Passover begins tonight
“Living our story that is told for all peoples, whose shining conclusion is yet to unfold, we gather to observe the Passover, as it is written — “You shall keep the Feast of Unleavened Bread, for on this very day I brought your hosts out of Egypt. You shall observe this day throughout the generations as a practice for all times (Exodus 12:17).” – “A Passover Haggadah,” Central Conference of American Rabbis
Passover, the Jewish holiday commemorating the Israelites’ exodus from Egypt, begins at sundown tonight.
In honor of the holiday, I’d like to offer some Passover related or Judaism news tidbits and commentary:
Passover foods hold meaning
My first seder several years ago was a memorable one. I’ll never forget the moving experience as the meal helped tell the story of the Israelites’ freedom from Egyptian bondage. For non-Jews, here’s a sampling of some of the seder foods and the meaning attached to them, taken from “A Passover Haggadah.”
The seder place typically consists of a roasted shankbone, which represents the ancient Passover sacrifice.
Parsley or any green herbs signifies the growth of springtime, the green of hope and renewal.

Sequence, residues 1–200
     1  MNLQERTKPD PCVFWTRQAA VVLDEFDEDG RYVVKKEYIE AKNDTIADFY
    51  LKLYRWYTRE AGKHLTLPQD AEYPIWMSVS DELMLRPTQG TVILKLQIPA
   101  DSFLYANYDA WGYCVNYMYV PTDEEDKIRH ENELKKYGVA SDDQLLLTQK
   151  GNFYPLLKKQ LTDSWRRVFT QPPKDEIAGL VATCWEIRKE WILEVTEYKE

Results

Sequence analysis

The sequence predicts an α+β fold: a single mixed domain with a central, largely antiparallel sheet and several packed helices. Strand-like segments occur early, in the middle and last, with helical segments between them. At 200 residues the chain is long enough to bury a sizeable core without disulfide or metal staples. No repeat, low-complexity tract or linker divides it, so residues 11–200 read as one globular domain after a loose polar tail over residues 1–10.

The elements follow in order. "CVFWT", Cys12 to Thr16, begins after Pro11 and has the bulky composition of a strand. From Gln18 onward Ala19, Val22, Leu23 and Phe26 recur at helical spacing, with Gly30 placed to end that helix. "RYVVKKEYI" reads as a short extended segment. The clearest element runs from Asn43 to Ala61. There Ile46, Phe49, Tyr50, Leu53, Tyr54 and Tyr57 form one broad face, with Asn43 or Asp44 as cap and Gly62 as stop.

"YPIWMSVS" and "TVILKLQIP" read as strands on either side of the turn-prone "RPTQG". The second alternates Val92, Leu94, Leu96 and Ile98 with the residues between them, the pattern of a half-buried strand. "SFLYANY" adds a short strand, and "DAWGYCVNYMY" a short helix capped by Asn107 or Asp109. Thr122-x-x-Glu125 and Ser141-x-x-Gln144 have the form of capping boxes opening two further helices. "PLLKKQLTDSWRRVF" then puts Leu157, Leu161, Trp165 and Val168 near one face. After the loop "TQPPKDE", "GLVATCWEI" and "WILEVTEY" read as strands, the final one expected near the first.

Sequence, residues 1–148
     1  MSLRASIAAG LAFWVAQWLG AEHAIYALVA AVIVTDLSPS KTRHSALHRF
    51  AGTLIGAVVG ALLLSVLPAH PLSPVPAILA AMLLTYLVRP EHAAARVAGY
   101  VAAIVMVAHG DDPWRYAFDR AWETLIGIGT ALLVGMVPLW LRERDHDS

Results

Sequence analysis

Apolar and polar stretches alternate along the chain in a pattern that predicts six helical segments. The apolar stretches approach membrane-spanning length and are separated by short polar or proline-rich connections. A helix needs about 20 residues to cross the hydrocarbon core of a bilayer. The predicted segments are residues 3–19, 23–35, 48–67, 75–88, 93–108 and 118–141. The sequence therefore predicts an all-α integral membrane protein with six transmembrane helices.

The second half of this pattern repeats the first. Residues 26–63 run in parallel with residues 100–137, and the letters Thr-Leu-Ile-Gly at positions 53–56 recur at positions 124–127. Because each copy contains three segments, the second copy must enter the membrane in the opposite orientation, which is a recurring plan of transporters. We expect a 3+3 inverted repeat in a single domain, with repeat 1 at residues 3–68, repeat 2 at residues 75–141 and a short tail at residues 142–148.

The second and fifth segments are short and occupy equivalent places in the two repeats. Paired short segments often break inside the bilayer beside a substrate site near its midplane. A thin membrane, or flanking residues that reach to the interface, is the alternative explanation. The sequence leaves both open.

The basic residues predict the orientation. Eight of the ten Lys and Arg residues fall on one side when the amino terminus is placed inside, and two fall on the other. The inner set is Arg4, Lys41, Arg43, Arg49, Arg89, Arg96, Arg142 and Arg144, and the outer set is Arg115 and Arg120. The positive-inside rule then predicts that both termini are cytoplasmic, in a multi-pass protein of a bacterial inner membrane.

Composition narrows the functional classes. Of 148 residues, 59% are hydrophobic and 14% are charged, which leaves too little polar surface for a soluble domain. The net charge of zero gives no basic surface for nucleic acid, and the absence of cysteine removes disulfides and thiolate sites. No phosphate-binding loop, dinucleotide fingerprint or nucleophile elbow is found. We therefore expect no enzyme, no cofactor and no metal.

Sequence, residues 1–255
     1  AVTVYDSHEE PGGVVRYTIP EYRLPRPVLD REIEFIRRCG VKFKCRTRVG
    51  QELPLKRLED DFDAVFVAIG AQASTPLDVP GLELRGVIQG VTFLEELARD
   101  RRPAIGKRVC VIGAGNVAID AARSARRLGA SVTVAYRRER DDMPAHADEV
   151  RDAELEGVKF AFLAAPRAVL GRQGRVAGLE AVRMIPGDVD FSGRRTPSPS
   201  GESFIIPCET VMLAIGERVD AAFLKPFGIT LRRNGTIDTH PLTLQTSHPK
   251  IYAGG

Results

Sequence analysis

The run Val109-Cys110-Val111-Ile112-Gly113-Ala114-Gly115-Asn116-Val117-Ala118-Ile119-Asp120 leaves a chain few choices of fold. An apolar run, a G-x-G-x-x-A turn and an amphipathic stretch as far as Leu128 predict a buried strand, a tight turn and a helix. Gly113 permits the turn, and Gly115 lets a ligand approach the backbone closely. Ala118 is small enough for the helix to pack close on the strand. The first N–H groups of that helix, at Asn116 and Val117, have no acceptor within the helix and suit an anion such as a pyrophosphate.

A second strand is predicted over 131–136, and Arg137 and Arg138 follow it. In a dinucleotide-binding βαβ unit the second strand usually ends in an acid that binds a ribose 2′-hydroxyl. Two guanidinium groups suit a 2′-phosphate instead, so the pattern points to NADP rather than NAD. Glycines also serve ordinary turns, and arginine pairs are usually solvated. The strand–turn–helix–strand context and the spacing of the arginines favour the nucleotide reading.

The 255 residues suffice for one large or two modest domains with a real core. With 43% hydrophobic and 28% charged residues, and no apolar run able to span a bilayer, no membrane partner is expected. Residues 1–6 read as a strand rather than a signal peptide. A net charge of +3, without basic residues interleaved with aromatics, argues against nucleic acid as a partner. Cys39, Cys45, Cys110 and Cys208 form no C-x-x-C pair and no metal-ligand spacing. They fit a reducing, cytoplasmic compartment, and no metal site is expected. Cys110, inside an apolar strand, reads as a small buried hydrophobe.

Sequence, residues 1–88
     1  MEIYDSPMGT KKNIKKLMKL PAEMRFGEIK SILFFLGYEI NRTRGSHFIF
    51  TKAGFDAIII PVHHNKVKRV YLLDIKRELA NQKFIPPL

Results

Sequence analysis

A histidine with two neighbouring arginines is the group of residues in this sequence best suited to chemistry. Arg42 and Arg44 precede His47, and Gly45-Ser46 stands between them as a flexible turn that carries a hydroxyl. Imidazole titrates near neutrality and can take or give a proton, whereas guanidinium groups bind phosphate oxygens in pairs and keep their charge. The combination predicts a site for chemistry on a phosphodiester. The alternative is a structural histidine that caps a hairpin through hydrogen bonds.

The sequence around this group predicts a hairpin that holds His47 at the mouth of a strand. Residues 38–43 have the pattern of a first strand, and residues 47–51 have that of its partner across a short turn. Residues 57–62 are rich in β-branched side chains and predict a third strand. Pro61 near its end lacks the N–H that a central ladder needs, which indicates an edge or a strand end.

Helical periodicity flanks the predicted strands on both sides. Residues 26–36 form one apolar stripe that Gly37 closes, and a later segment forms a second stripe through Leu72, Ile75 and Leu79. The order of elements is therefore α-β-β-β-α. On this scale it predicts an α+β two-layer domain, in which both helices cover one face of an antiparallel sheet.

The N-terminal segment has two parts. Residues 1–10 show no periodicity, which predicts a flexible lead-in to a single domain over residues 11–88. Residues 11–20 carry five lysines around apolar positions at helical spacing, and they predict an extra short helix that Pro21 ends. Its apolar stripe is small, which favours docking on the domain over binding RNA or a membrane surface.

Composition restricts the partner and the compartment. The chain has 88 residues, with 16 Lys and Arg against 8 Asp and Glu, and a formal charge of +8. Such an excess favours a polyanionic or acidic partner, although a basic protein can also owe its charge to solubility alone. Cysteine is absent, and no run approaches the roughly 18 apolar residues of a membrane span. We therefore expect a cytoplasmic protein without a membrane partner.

The top part of the horseradish root is symbolic of the bitterness that the Israelites experienced in Egypt, and in a modern sense, the lot of all who are enslaved.
Haroset is a sweet combination (and my favorite edible part of the seder) of apples with chopped walnuts or pecans. Sometimes mashed raisins, dates, prunes or apricots are added, along with cinnamon and wine. Haroset represents the mortar which the Israelites used in doing Pharoah’s labor.
A roasted egg represents a festival offering and is a symbol of life itself.
Three separate pieces of matzah are typically placed in either a special cloth matzah cover with three sections or in a napkin folded over twice. these three pieces of matzah represent the two traditional loaves set out in the ancient Temple during the festival day and the extra matzah symbolic of Passover.
Newsweek releases list of 50 most influential Jewish clergy
Rabbi David Saperstein, director of the Religious Action Center of Reform Judaism in edWashington and a member of President Obama’s Council on Faith-Based and Neighborhood Partnerships, tops Newsweek’s list of the 50 most influential Jewish clergy in the country, Religion News Service reports.
The RNS reported that Saperstein took the top spot from Rabbi Marvin Hier, founder and dean of the Los Angeles-based Simon Wiesenthal Center. Hier had topped both previous annual lists, but came in second this year.
The ranking system, compiled for the third year by Sony Pictures CEO Michael Lynton, News Corp’s Gary Ginsberg and Jay Sanderson of JTN Productions, rewards rabbis with international reputations and political influence.
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